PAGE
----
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Alex Meyer #72 – 2013 Top 100

Written By on 11th March, 2013

#72 Alex Meyer (Starting Pitcher[R])

Minnesota Twins


Age G GS IP H HR K/9 BB/9 ERA FIP
22 25 25 129.0 97 6 9.70 3.14 2.93 2.81

Date of Birth: January 3rd, 1990(age 23)
Origin: 1st Round Pick(#23 overall) in 2011 out of the University of Kentucky
Height: 6’9″
Weight: 220
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Chris Blessing: The 23rd pick of the 2011 draft, Meyer made his professional baseball debut by splitting the season between Class A Hagerstown of the South Atlantic League and High Class A Potomac of the Carolina League, both affiliates of the Washington Nationals.  During the this past offseason, Meyer was traded to the Minnesota Twins, straight up, for major league outfielder Denard Span.

A 6’9’’ product out of the University of Kentucky, Meyer held his own in his debut in full season ball.  He did what you’d expect an older, recently drafted first round pick to do: he dominated.  Over 25 starts across two levels, Meyer proved difficult to hit, only allowing 6.8 Hits per nine innings.  Meyer was able to do this with a mid 90′s fastball, a sharp slider and a hard changeup.  The consensus is that none of his offerings present as plus due to below average command. However, each pitch has some swing and miss possibility.  A projection of a 2-3 starter seems to jive with Meyer. But issues with his command may push him to the late innings as a reliever.

Jeff Reese: As with all incredibly tall pitchers – Meyer is 6-foot-9!! – mastering the coordination of that large frame is often a daunting task that sometimes comes later in their development. I had Alex Meyer pegged as a reliever for the majority of his career at Kentucky, but the mechanical progress that has been made since his sophomore season has me doubting that prognosis. The stuff is electric and the control has gradually become less of an issue.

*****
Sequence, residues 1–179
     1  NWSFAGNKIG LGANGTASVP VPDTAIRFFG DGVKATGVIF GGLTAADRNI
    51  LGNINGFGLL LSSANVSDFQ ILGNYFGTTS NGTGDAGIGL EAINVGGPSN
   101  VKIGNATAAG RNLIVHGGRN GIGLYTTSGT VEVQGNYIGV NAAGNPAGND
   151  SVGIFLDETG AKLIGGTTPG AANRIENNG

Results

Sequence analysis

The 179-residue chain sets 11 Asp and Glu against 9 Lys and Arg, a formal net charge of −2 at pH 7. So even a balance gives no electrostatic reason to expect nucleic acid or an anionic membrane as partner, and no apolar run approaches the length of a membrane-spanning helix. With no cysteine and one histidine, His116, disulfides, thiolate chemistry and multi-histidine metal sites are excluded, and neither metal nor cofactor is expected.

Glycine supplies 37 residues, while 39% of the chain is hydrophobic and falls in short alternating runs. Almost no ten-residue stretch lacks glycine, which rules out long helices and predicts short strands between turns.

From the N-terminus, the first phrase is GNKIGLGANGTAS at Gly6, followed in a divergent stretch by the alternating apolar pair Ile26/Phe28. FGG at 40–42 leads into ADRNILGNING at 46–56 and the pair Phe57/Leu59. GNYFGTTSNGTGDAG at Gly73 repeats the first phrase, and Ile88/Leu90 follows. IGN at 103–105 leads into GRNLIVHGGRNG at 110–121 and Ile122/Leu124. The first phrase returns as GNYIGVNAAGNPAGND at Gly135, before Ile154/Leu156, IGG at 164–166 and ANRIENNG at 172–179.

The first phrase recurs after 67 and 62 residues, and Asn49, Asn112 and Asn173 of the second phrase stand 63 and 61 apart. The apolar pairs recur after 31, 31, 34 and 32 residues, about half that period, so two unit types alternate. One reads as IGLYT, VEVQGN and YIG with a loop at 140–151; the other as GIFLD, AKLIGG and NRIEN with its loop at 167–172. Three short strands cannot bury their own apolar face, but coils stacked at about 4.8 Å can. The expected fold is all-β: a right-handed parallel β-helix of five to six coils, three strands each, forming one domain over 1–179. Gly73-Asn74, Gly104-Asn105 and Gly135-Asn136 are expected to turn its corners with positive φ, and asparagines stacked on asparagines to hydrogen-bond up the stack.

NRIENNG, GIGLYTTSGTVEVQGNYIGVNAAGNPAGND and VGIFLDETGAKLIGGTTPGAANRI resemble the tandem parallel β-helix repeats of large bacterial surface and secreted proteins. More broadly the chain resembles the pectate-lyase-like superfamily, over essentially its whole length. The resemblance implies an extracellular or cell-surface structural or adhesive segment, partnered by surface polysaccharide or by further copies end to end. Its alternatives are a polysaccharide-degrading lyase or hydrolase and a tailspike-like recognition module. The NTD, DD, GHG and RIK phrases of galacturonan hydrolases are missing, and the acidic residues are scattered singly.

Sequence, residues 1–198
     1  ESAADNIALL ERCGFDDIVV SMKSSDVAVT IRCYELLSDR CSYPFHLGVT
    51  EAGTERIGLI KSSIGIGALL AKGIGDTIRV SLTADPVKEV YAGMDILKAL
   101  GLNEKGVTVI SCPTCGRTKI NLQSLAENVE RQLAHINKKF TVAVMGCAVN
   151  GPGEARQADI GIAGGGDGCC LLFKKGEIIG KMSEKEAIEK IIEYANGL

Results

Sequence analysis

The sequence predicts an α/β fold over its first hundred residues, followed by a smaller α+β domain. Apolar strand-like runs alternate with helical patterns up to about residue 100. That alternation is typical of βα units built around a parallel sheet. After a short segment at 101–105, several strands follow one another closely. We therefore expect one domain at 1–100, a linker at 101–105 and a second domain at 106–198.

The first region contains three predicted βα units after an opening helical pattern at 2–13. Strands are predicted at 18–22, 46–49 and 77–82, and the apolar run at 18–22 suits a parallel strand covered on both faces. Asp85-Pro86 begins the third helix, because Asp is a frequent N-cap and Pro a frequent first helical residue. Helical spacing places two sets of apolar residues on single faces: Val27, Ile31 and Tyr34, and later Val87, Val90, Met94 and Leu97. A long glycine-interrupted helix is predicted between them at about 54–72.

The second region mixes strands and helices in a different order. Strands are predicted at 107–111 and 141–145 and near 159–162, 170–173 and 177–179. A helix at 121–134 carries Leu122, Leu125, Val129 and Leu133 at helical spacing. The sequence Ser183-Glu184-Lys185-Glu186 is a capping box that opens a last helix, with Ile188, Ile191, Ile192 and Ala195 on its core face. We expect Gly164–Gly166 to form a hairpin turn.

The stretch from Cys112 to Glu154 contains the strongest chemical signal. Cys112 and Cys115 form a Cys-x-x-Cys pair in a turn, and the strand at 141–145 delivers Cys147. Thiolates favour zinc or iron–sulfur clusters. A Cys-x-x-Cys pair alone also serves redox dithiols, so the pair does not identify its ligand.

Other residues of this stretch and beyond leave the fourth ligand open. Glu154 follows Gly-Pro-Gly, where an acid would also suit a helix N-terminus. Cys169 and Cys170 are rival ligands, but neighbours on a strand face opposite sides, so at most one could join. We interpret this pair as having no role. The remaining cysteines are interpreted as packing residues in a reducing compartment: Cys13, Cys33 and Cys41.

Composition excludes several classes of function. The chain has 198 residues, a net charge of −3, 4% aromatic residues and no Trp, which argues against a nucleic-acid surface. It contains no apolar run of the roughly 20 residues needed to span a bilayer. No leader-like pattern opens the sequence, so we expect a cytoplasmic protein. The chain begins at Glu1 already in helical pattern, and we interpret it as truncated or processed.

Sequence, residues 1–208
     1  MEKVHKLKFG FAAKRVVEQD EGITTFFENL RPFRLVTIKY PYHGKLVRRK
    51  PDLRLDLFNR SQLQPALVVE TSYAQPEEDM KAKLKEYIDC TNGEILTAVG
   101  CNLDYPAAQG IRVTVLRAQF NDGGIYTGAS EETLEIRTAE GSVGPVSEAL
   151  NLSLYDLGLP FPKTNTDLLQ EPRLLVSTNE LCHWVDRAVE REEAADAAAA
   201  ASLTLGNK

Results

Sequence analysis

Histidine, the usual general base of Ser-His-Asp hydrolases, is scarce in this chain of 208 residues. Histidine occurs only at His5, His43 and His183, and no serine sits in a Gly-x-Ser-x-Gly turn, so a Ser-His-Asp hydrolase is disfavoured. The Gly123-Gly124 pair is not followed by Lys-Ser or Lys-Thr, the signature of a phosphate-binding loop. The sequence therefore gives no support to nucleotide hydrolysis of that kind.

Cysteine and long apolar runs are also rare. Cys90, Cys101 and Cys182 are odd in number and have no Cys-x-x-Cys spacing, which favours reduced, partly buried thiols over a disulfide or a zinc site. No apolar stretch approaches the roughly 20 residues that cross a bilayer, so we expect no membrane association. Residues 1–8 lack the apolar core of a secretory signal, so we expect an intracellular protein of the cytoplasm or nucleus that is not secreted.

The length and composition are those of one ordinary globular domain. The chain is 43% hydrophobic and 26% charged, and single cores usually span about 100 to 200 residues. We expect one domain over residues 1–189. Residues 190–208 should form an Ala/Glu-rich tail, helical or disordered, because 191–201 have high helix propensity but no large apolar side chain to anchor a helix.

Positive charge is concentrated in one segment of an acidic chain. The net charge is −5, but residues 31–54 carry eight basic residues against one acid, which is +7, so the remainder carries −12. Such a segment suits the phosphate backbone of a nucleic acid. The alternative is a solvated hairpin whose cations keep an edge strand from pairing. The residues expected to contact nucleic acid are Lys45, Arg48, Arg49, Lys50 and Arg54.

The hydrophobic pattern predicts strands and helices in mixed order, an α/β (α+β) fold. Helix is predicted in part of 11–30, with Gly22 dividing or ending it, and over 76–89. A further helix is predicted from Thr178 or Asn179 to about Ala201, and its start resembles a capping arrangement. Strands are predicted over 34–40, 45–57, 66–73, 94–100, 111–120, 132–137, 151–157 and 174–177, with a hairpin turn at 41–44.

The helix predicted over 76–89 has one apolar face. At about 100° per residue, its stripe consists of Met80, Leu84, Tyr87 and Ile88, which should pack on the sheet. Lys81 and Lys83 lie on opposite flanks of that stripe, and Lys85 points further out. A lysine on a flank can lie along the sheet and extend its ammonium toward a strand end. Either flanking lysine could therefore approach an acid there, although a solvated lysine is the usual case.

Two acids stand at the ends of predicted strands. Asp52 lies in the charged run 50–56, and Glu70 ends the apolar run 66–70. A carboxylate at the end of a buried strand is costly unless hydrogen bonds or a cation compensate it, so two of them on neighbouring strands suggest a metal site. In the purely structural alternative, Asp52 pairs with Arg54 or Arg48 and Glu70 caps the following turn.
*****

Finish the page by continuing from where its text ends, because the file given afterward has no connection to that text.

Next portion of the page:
Indeed, the control was statistically acceptable during his first season of pro ball – 3.1 BB/9 over 129 innings between A & high-A. His stuff is loud enough where mastering his command is not completely essential to him remaining a starter. Just being in the general desired vicinity with the steep, lively mid 90s fastball and consistently throwing that wipeout slider will make up for the lack of precision. Reports that I received from his end of the season stint in Potomac were positive, and I am now on board.

Don Olsen: Meyer was one of my favorites of his junior draft class, because of a blend of fastball and slider that was, in my opinion, the best 1-2 punch in college that season.  It is still there, but not much else is there with it. This summer between reports and what I witnessed, the growth of the change up has not come along as smoothly as I had hoped.  There’s reasons to think that it could be at least an average offering, but right now it’s well short of that.

He is never going to be a pinpoint control guy, but big guys like Meyer take time to fully refine mechanically and gain a consistent release point.  He should get a long leash to show that the third pitch can be serviceable; with the ability to properly harness and locate his stuff, his offerings will improve.  At worst, Meyer’s height, plane, and nasty movement on the fastball and slider will make him a back of the bullpen arm for years to come.

Fantasy Outlook by Chris Blessing:
Meyer went from an organization that promotes their prospect rather aggressively to an organization that likes to take it’s time developing it’s talent.  His timeline to the majors may have been extended as a result.  His history of command and control may limit his value, especially if those problems push him to relief.


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